Barranco is situated along the shoreline at the southern tip of Lima Bay. It is famous for leisurely strolls, bars and bohemia. There is a famous Parque Municipal around which there are many cafes, restaurants, bars and pubs, housed in mansions, where local bohemians and artists hang out. Miraflores is tourists’ favorite as it hosts numerous shopping malls, cinemas, hotels and cafes and is famous for its night life. The city center has a myriad of cafes and restaurants, colonial and republican buildings, museums, churches, and street concerts.
Situated in the south-eastern part of the Peruvian Andes, Cuzco is an important tourist attraction. It is widely known for its Inca ruins and Spanish colonial architecture, adobe houses, narrow, cobblestone streets and open markets. It lies in the closely populated agricultural region with predominately Indian population. Tourists going to Cuzco look forward to the local cuisine, which is a combination of typical Andean foods, such as corn, potatoes and chilli pepper, with pork and mutton brought by the Spanish.
West of the Cuzco city is Machu Picchu, a well-preserved pre-Columbian Inca ruin, still grandeur and mysterious. Other not to miss sights in Cuzco are Sacsayhuaman, Puca PucaraKenko, Plaza de Armas (Huacaypata), Cusco Cathedral, Temple of the Sun (Coricancha), Plazoleta de San Blas and Tipon.
The Valley of Callejon de Huaylas is perfect for outdoor activities such as day walking, trekking, mountain climbing, mountain biking, skiing and rafting. The valley hosts the city of Huaraz. Huaraz cannot be called a beautiful place as it was built from concrete following a catastrophic earthquake in 1970 which flattened all but one street and killed half of the city’s population.
However, Huaraz has numerous hotels and hostels that vary in quality. Everything that is needed, such as restaurants, tour operators, agencies, banks and the post office, is in or around the main street, Calle Luzuriaga.
Machu Picchu & the Inca Trail
The lost Incan city of Machu Picchu can be reached via the Inca Trail. Machu Pichu is the best-known archaeological site on the continent. Its architecture combines fine stone buildings with extensive agriculture terraces, making it seem as if the settlement was carved out of the mountainsides. The most famous feature is a carved natural stone, surrounded by the curved walls of dressed stone with trapezoidal windows. It is believed that the stones are related to the sun religion of the Inca and to their veneration of certain natural stones.
There are a few ways to visit Machu Picchu. You can get to Machu Picchu on foot, along the Inca Trail , by train from the city of Cuzco to Aguas Calientes, and by air, by using the helicopter from the Cuzco airport to Aguas Calientes.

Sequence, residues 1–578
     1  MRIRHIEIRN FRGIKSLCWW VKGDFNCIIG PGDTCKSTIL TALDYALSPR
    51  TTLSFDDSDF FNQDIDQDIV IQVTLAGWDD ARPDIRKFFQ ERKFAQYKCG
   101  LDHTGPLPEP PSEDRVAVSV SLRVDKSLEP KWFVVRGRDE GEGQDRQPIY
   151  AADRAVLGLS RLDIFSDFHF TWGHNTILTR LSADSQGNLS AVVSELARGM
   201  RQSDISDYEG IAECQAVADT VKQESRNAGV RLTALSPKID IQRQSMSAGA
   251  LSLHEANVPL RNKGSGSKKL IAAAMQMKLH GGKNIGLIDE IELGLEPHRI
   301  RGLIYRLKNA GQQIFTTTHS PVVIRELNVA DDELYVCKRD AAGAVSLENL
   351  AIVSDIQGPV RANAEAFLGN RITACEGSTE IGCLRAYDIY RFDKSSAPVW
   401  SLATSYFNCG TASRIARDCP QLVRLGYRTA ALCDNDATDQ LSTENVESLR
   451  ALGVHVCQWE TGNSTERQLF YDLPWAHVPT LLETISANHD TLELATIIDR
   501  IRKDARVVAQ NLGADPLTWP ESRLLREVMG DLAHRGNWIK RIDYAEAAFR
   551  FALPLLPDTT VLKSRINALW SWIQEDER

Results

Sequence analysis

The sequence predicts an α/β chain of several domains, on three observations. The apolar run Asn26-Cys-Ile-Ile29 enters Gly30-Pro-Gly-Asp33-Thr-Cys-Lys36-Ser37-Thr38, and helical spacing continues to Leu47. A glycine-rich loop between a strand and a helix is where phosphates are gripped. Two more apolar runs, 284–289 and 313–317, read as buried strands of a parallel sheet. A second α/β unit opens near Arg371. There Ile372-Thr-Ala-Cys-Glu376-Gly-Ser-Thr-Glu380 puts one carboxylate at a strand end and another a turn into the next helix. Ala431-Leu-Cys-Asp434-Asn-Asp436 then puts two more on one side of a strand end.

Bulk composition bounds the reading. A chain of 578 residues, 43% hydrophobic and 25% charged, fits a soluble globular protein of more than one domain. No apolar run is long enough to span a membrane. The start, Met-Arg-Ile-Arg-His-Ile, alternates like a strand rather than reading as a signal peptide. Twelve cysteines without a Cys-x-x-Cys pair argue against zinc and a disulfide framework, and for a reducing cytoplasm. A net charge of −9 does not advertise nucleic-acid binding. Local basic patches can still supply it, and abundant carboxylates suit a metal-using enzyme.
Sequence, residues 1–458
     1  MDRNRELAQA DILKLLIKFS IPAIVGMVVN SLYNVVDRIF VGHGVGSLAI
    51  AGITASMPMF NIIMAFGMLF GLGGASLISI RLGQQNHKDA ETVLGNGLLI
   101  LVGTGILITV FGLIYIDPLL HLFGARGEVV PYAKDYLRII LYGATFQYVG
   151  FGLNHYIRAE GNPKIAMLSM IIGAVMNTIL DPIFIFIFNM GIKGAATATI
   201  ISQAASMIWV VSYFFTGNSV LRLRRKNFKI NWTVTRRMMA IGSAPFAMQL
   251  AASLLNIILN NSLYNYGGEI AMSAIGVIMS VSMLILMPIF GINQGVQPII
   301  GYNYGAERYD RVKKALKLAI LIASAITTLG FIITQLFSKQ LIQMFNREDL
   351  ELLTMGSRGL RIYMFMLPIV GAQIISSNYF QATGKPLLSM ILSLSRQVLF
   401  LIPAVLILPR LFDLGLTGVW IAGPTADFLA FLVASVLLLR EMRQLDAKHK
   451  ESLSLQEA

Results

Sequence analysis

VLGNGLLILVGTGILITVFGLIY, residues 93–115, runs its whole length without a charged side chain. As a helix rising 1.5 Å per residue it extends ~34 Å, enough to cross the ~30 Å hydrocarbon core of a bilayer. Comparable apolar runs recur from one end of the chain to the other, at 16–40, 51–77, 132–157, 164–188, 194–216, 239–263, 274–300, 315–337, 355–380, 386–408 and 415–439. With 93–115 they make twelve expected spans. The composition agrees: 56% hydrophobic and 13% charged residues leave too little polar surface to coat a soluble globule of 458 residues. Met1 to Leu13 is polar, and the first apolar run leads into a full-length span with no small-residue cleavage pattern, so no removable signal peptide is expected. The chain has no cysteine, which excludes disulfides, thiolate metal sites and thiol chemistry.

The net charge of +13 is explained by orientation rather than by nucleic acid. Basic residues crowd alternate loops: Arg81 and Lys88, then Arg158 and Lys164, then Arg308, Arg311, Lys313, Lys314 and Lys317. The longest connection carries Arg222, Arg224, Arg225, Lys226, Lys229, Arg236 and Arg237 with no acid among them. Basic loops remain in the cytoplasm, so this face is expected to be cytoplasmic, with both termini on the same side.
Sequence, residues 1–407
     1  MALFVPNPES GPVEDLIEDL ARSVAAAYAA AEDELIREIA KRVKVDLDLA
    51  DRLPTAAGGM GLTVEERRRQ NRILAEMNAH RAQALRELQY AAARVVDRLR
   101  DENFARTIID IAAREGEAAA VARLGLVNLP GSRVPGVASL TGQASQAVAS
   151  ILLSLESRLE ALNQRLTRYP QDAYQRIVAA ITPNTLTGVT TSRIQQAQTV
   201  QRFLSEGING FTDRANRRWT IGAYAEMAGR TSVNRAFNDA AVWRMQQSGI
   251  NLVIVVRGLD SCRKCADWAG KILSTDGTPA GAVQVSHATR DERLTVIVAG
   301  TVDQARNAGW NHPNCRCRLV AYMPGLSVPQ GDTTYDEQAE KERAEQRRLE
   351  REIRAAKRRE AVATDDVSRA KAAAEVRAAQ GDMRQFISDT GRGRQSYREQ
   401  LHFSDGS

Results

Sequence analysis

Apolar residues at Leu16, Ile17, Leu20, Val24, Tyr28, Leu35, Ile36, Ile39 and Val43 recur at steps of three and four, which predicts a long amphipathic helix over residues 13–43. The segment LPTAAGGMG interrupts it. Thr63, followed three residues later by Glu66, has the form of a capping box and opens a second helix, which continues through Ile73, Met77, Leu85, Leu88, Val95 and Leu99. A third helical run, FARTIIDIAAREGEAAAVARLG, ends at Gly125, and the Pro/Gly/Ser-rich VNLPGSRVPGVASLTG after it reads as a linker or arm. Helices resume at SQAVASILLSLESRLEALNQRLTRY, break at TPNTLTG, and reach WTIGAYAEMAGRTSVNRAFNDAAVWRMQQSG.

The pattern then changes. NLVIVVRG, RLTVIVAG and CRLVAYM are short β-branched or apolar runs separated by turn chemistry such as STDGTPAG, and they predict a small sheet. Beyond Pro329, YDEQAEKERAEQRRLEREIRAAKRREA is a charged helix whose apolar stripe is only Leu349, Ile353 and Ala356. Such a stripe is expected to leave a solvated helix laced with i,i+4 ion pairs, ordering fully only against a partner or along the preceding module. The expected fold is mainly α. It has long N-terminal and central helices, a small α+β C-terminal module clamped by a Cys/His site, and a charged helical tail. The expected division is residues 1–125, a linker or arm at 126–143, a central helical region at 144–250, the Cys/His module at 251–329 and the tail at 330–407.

Machu Picchu is a UNESCO World Heritage site and Peru’s most visited tourist attraction. Being a major revenue generator, it is in danger by economic and commercial forces. The existing tourist infrastructure, a small hotel, bathrooms, a ticket office, a terrace restaurant and a bus parking lot, affect visual integrity of the area and pose physical burdens on the ruins. The number of visitors is growing each year. Some fear that the sacredness of the place may be ruined this way.
Iquitos is Peru’s largest jungle city. It is the only city in the world that cannot be reached by overland routes. You can reach Iquitos either by flying or by boat via the Amazon River. The city represents a base for Amazon tourism and offers accommodation in remote jungle lodges. In Iquitos, you can go fishing for piranha, go for machete-led walks into the jungle, canoe by moonlight, and enjoy the wildlife, including pink dolphins, sloths and monkeys.
Tumbes is a great vacation spot for water enthusiasts who enjoy fishing, swimming, water-skiing, yachting and canoeing.
Colca Canyon may not be as well visited as other natural wonders of Peru but it is definitely worth seeing. Colca Canyon is said to be twice as deep as the Grand Canyon but unlike the Grand canyon, Colca Canyon has habitable portions with pre-Colombian terraced fields still supporting agriculture and human life. Colca canyon is mostly popular due to the inhabiting Andean condors.
The canyon can be visited any time of year, but it is the most beautiful, and safer, after the rains cease. There are live volcanoes in the neighborhood and often seismic activities make this ground unstable.
Peruvians celebrate over 3,000 festivals all over the country. Most of the festivals are part of the Christian calendar adopted in colonial times but many are a mixture of Catholicism and magical beliefs of ancient forms of worship. The most important festivals are the Carnaval, popular in the sierra, Inti Raymi, an Incan festival with dances and parades, Puno Day with flamboyant costumes, All Souls Day and others.
Peruan cuisine is the mixture of Peruan with European, Arabic, Chinese, African and Japanese traditions. The country has over 40,000 restaurants that reflect this diversity.